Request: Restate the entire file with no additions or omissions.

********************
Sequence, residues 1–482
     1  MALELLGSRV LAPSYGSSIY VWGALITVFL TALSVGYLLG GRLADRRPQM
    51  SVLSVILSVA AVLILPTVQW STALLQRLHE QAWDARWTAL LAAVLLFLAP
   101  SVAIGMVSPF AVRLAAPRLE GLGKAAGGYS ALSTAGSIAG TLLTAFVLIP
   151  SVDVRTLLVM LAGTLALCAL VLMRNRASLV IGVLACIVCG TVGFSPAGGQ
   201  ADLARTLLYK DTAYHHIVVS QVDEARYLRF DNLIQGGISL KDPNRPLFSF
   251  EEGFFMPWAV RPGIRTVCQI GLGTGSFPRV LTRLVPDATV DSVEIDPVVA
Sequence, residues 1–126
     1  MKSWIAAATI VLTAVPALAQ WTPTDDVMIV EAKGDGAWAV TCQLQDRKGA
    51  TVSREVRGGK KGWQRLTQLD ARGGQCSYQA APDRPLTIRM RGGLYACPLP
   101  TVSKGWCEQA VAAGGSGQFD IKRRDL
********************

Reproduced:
Sequence, residues 1–482
     1  MALELLGSRV LAPSYGSSIY VWGALITVFL TALSVGYLLG GRLADRRPQM
    51  SVLSVILSVA AVLILPTVQW STALLQRLHE QAWDARWTAL LAAVLLFLAP
   101  SVAIGMVSPF AVRLAAPRLE GLGKAAGGYS ALSTAGSIAG TLLTAFVLIP
   151  SVDVRTLLVM LAGTLALCAL VLMRNRASLV IGVLACIVCG TVGFSPAGGQ
   201  ADLARTLLYK DTAYHHIVVS QVDEARYLRF DNLIQGGISL KDPNRPLFSF
   251  EEGFFMPWAV RPGIRTVCQI GLGTGSFPRV LTRLVPDATV DSVEIDPVVA
Sequence, residues 1–126
     1  MKSWIAAATI VLTAVPALAQ WTPTDDVMIV EAKGDGAWAV TCQLQDRKGA
    51  TVSREVRGGK KGWQRLTQLD ARGGQCSYQA APDRPLTIRM RGGLYACPLP
   101  TVSKGWCEQA VAAGGSGQFD IKRRDL